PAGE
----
My partner and I went back to Phnom Penh on February 4, as ANFREL’s observers gathered to debrief each other about their activities from each district. Hours and hours of sharing the experiences of each observer became the basis for the next day’s press conference. On February 5, COMFREL and ANFREL had their separate press conferences. They announced that this commune election has shown with no doubt a considerable progress in the development of democracy in Cambodia. However, they also made clear their dissatisfaction because of the presence of violent threats (20 candidates and political activists were killed in the 12 months before the election) and corruption during candidates’ campaigns. After the final result of the election came out, ANFREL, in its statement dated February 20, 2002, concluded the activities of the international observers and made suggestions. Here are the five points of their statement:

1. Violence, intimidation and killing as well as corrupt campaign practices continue to be a significant feature of Cambodian elections.

2. The Election Committees at all levels and the law enforcement agencies have not done enough to uphold election laws by prosecuting those responsible for violence, intimidation, and other electoral abuses.

3. Abuse of the monopoly of power at all levels and the weakness of legal codes to prevent the ruling party from using this to influence voter choice.

4. The international standards for free and fair elections related to the equal access of parties and candidates to the media have not been met. The media have also failed to fulfill their mission in informing the Cambodian population about the elections.

5. Technical irregularities, though generally inconsequential, provide the opportunity for cheating and electoral abuses.

And ANFREL’s recommendations:

1. Violence and intimidation must be eliminated from the Cambodian political landscape.

2. The integrity of the electoral process requires administration by an impartial Election Committees. Actions must be taken to ensure that elections in Cambodia are administered by a neutral body.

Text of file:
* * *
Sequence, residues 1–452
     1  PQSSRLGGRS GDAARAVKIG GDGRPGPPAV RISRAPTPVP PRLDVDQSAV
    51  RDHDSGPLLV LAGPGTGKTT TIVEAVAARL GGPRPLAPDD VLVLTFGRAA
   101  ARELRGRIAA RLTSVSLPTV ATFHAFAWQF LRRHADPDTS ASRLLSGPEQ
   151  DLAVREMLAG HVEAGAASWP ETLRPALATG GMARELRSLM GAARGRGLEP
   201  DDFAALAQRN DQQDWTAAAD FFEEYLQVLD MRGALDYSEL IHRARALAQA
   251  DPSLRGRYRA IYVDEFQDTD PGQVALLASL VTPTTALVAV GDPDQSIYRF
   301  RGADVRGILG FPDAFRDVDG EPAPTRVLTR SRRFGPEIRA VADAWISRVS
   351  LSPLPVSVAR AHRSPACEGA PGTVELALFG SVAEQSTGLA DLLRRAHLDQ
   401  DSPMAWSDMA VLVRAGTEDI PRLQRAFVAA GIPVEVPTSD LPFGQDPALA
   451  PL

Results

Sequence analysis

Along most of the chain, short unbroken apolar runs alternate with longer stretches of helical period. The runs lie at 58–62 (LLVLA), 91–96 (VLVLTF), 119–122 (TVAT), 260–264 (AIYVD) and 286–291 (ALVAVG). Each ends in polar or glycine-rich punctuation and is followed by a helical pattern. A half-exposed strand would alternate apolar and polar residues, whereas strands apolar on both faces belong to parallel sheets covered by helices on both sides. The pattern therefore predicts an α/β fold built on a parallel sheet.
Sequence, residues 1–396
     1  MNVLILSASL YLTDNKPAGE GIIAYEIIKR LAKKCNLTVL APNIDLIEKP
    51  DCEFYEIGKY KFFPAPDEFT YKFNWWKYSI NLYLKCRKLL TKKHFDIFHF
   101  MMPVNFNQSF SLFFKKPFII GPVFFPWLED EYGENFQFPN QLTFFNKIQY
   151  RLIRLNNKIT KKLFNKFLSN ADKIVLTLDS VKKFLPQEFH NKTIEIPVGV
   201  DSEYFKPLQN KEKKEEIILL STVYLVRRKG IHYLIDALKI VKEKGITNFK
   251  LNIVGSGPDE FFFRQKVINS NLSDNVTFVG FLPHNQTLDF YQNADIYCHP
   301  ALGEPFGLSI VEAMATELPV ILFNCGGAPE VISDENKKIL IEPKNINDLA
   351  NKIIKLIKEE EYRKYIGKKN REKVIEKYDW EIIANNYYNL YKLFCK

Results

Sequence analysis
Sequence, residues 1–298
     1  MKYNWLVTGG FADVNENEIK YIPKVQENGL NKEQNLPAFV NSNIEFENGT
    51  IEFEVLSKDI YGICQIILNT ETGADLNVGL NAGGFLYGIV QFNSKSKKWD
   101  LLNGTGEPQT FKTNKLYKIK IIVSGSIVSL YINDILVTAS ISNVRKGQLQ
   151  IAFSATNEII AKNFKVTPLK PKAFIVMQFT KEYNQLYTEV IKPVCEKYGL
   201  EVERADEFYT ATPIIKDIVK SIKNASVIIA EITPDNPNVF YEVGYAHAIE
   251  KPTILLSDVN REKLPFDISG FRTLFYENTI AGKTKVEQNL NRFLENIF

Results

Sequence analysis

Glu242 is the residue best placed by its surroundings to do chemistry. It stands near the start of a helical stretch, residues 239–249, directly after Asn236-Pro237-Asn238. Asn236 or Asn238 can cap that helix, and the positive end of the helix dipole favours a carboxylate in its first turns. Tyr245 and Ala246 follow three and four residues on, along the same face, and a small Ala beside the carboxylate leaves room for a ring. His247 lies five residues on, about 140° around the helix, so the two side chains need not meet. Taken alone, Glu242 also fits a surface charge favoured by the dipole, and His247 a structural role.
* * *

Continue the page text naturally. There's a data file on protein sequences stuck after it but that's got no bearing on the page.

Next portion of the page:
3. There is a need to review and strengthen election laws and related regulations.

4. The technical capacity of the Election Committees and polling station officials must be raised in time for the next national elections.

5. NGOs as independent mechanisms playing an active role in promoting a free and fair electoral environment are necessary.

6. More concerted efforts to implement civic/voter education programs are needed.

(For the full text of ANFREL’s final statement, please visit:


Following the dissolution of short-term observers, the second General Assembly of ANFREL was held in Phnom Penh. Seventeen member organizations, out of 24 organizations, participated from nine countries. The main agenda items were to review the activities and the financial report of the last four years and to approve projects and the budget for the coming three years. A constitution was drafted, and seven executive committee members from four regions were selected at this General Assembly.

Attending the General Assembly as a representative of the PSPD was my last official duty in Cambodia. After I left Cambodia, my brain kept replaying my short sojourn there. Before I left Seoul, I had no idea of what a “GNP of $300” could mean. After traveling to the poorest areas in Cambodia, I realized that money/or numbers in our terms could not describe their life. In those remote countrysides, I encountered the happiest smiles on earth. On the faces of those who have experienced the cruelest history! Those smiles opened my eyes in a completely unexpected way.

I also remember the day before my partner and I left for Banteay Meanchey District. We had visited the COMFREL office in Phnom Penh. After talking with the executive director, Mr. Koul Panha, about their activities, the recent atmosphere from a local activist’s point of view, and his and our expectations, we were able to look around the office building. On one of COMPREL’s election educational posters, it says:

“Vote according to your will, and you will be free from poverty!”

This slogan is lingering in my ears long after leaving Cambodia.

* ANFREL is planning to send election observers for Pakistan and Nepal in September-November 2002.

Park Yeara (Committee for International Solidarity, PSPD)